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Big and Little 

Think Texas and we are supposed to think "big." Like, gee, such a big state -- you could get sensory deprivation just driving from Midland to New Mexico. The cult of bigness pervades all things Texan, which may explain why President Bush labors to lace his speeches with sweeping or absolute verbal pronouncements. Likewise, Texas artists are no strangers to bigness and broad brush gestures as the Psychomanias show at Barrister's so amply illustrates.

Featuring work by Michael Collins and Bill Komodore, it's an atmospheric show of big, loosely painted neo-expressionist canvasses that make for a refreshing change of pace from the usual postmodern menu of so much recent Texas art. Indeed, the problem with the best-known Texas artists today is that so many of them lack confidence; when New York barks, Texans jump, as the winds of changing art fashions in Manhattan reach gale force by the time they get to Houston. It pays off for them in some ways -- several were included in the last Whitney Biennial (thanks to a guest curator who just happened to be from Texas), but much of the work lacks vitality, not to mention identity, compared with earlier efforts. So much so that it's tempting to conclude that Texans just really aren't much good at postmodernism.

And if Collins and Komodore are not as characteristically Texan as the earlier work of, say, Jim Surls, James Drake or Vernon Fisher, their vaguely art-historical canvasses evoke at least some of the wide-open spatial bravado that once gave Lone Star art its identity. Collins' Forum Rituals is a painting of a big old Greco-Roman ruin, perhaps a temple to some antique vestal virgins or what have you. Here a smeared impasto of clotted clouds oozes down crumbling columns entangled in snarls of shrubbery and crab grass in a distinctly ghostly scene that sure ain't El Paso. If anything, it's more like an Anselm Kieffer take on antiquity, with much of the German expressionist's flair for layers of oozing pigment transposed to a more Texan sense of space. Where Kieffer is claustrophobic, however, Collins' canvases imply the presence of pick-up trucks parked just out of sight. By the time we get to Spindle Twigs, the look has only gotten spookier as salsa-dancing demons infest what might be some Yaqui Indian burial ground out of Carlos Casteneda. Grotesque and goofy, but propelled by vague traces of something akin to inspiration, among other things.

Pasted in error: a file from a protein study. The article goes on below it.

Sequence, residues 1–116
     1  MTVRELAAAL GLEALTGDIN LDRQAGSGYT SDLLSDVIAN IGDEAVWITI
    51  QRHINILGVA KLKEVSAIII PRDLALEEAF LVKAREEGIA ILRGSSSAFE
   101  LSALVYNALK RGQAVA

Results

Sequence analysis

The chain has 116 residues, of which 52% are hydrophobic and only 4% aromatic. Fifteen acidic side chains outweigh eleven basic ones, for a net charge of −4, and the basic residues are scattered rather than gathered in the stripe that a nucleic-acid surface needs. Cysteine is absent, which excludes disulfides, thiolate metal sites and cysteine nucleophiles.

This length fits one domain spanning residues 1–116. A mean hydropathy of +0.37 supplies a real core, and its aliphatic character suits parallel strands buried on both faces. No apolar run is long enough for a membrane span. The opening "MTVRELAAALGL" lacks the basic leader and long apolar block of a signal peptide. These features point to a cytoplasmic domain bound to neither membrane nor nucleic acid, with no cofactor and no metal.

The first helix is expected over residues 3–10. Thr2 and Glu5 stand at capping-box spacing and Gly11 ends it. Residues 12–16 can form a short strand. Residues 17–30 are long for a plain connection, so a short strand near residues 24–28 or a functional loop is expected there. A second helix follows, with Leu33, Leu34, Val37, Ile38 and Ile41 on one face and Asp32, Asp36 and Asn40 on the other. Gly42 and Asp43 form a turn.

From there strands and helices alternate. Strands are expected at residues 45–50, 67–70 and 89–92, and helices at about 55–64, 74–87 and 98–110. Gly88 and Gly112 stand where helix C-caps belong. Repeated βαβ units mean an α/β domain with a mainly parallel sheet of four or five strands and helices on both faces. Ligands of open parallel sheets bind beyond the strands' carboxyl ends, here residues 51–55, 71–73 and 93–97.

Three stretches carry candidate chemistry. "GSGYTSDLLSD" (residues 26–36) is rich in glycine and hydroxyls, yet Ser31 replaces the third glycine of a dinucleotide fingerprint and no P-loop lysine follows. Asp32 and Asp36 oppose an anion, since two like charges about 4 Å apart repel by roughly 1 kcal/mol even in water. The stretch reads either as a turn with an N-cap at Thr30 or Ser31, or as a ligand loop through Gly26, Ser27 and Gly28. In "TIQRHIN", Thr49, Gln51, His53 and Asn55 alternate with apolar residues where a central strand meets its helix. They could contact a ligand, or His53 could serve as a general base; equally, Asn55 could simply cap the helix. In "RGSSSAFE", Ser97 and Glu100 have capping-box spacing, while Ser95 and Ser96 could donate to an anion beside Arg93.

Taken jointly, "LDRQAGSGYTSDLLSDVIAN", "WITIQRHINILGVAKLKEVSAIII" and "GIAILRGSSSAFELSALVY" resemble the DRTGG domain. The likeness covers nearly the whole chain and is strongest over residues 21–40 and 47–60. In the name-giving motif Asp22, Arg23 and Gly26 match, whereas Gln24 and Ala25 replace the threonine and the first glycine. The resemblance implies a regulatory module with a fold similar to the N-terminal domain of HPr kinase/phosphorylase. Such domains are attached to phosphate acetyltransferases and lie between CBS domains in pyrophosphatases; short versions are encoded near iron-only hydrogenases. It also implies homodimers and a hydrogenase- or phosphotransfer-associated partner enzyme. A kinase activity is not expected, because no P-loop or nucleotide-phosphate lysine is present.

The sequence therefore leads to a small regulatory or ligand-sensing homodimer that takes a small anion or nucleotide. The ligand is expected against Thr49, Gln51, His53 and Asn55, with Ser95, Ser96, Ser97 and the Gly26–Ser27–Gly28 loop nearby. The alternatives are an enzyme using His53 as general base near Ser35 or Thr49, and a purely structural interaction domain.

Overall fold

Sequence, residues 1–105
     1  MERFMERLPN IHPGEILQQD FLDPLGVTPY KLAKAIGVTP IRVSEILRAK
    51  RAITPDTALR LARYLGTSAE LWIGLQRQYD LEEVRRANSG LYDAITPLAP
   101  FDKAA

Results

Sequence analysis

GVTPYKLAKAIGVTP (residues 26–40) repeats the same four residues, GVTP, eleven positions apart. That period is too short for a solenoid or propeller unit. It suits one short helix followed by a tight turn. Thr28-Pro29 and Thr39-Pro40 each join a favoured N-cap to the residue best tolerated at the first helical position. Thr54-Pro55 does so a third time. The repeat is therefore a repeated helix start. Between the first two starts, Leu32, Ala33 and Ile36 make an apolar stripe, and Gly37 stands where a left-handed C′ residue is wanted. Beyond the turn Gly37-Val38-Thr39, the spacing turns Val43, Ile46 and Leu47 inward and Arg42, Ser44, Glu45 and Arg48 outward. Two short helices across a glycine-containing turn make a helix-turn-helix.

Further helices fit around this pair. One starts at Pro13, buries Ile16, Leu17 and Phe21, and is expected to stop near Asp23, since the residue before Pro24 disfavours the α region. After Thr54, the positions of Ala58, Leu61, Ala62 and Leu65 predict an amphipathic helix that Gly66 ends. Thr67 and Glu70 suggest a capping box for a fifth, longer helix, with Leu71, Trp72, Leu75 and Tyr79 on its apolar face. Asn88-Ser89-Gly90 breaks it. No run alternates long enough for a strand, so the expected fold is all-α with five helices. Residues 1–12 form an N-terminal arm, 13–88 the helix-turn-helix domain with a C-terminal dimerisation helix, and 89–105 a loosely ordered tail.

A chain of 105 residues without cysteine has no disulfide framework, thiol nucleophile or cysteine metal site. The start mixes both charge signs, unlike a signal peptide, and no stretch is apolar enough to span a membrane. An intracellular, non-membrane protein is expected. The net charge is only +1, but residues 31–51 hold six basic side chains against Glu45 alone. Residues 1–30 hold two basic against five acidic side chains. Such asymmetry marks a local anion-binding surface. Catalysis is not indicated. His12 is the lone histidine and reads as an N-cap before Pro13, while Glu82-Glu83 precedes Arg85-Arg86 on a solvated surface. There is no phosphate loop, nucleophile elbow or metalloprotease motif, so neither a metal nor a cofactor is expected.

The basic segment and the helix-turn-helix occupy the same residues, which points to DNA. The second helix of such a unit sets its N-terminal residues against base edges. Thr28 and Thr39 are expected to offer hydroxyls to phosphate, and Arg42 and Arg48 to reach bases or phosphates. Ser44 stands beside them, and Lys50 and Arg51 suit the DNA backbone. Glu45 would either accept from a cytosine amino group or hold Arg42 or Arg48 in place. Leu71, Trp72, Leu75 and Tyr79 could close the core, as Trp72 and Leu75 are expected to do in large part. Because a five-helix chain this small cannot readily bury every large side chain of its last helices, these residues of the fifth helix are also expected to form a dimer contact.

Bill Komodore's paintings are no less expressionistic but here the smears are more horizontal than vertical. The effect is breezy, as we see in Toreo, in which a confounded bull seems baffled by a manic matador twirling like a dervish. Somewhere between Hemingway and Pee Wee Herman, Toreo evokes the ancient, existential tango of man and beast jostling for position on this twirling planet Earth. If Collins relies on texture, with Komodore it's mostly gesture, yielding interestingly mixed results all around.

If the Texas twosome takes a macro view, things get downright micro at the adjacent Paperweights show of handmade books that run the gamut from pristine to porn in as varied a spectacle as can be imagined. In the latter category, Family Album, a prurient if at times perversely funny collage book by the Zircus Group, suggests a sub-magical mystery tour of body and other parts in various stages of undress and duress. Like a ghostly reprise of hippie happenings of the 1960s, Album evokes echoes of Ed Sanders, Yoko Ono and Fluxus slumming at a Rainbow Gathering, Yves Klein, Charles Manson and sordid assorted others.

At the pristine extreme is Raegan Robinson's Pelvis, her very Virgoan volume of juxtaposed butterflies and pelvic bone engravings on delicately translucent paper. Also fastidious is John Greco's Home Trephination Kit, a copper-clad leather manuscript with clear instructions on how anyone can create unique and interesting holes in their skull using commonly available materials. Show curator Myrtle von Damitz waxes lyrical in What the Thunder Said (Personal Explosion Device) -- a metal box of painted nails with T.S. Elliot's "The Wasteland" inscribed on them in microscopic writing. The show as a whole is predictably mixed, as is only right and proper for an alternative scene that values adventurous vitality over virtuosity.

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